Regardless of their stance on the current practice of Islamic finance, both Islamic jurists and economists agree that part of the field’s calling should be the establishment of a more just economic order – one that both provides greater security to individuals and also allows more productive use of society’s capital.
The existence of a global Islamic finance industry, as well as its investors and consumers, indicate many Muslims believe that an alternative form of financing from conventional banking is preferable – and, in the perception of many, required – under Islamic law. There is a body of theoretical literature, spanning from the 1970s to today, arguing for the necessity of Islamic finance and how it can be structured so as to provide Muslims viable alternatives to conventional, interest-based finance. Conversely there exist criticisms of Islamic finance from scholars who question both its religious justification, in its currently practiced form, and its economic viability. These critics are often idealists who consider an “Islamic economy” one that should be based on maximizing economic productivity to the benefit of society, and consider Islamic finance as it is practiced to fall far short of this calling.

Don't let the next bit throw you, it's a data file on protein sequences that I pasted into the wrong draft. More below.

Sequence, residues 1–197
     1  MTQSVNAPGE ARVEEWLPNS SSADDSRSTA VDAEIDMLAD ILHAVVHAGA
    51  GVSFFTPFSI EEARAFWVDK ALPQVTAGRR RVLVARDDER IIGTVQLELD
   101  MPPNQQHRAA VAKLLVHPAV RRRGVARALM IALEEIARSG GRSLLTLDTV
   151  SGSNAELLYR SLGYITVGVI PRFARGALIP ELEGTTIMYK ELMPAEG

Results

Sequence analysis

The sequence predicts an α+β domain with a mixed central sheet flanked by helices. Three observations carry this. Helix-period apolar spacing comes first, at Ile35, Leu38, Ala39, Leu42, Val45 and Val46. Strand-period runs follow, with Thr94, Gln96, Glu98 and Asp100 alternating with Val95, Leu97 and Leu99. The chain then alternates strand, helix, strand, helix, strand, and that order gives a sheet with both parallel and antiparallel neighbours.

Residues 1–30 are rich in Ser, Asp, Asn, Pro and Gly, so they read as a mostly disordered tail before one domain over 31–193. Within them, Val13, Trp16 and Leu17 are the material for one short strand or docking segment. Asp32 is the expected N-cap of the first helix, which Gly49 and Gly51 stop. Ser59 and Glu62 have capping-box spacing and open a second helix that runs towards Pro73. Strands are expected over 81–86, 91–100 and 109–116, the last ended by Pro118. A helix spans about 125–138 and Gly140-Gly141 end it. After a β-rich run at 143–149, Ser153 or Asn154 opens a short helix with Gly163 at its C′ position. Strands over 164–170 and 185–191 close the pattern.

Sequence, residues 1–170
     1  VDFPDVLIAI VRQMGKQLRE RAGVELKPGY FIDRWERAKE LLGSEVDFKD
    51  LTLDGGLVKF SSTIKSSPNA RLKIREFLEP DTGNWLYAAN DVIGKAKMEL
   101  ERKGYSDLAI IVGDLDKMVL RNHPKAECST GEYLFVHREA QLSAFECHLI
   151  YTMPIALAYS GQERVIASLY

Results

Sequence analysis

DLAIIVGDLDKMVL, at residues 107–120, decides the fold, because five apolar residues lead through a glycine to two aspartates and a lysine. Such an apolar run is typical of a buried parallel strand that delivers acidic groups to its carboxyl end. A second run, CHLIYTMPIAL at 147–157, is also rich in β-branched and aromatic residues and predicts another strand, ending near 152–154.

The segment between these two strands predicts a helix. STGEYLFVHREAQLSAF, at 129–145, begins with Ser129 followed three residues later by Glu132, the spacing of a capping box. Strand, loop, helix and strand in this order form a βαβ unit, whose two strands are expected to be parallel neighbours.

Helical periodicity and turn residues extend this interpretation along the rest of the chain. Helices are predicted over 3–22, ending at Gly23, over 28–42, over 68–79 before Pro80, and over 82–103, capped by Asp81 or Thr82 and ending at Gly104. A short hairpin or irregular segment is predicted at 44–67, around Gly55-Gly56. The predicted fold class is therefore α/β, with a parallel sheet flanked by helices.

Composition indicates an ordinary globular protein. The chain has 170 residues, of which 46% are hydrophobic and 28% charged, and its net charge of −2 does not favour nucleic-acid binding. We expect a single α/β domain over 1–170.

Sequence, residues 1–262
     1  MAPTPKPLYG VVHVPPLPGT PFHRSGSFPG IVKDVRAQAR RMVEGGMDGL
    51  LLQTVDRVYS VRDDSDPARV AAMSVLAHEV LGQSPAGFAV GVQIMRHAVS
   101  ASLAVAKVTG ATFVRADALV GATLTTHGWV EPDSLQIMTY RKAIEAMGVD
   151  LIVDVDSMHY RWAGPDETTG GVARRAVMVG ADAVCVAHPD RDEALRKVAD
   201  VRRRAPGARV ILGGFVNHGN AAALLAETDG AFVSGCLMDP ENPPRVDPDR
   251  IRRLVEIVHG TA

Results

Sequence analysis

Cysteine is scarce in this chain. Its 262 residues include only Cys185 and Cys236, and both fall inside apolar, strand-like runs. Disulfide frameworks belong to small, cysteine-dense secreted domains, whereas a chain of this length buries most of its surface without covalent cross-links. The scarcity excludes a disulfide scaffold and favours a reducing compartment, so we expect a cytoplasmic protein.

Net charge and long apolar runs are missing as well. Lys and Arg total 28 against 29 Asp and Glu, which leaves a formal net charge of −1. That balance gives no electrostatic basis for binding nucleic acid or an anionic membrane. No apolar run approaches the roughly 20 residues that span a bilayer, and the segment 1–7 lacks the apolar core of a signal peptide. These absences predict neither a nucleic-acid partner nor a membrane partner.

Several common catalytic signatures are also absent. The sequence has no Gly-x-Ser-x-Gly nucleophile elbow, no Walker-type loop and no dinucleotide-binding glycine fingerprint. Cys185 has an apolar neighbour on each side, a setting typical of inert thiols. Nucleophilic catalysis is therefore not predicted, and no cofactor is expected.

The growth of Islamic banking is phenomenal. Since the institution of the first full fledge Islamic bank in the UAE more than three decades ago, Islamic banking has been witnessing tremendous growth. According to most estimates, Islamic banking growth rate surpassed an average 15 percent in the last decade and assets under management of Islamic financial institutions are worth close to a trillion dollars. The number of operating Islamic financial institutions is well above 300 in more than 75 countries (El Qorchi, 2005). This growth was fueled among other reasons by the closer partnerships these institutions have with their clients.
Islamic banking is built on the premise that banks should not be lending money but should instead be sharing risks with their clients. As opposed to a less risky attitude of a lender, Islamic financial institutions approach their Banking activities from a partner perspective. Whether equity or debt based, Islamic Banking involves higher risks for the financier.
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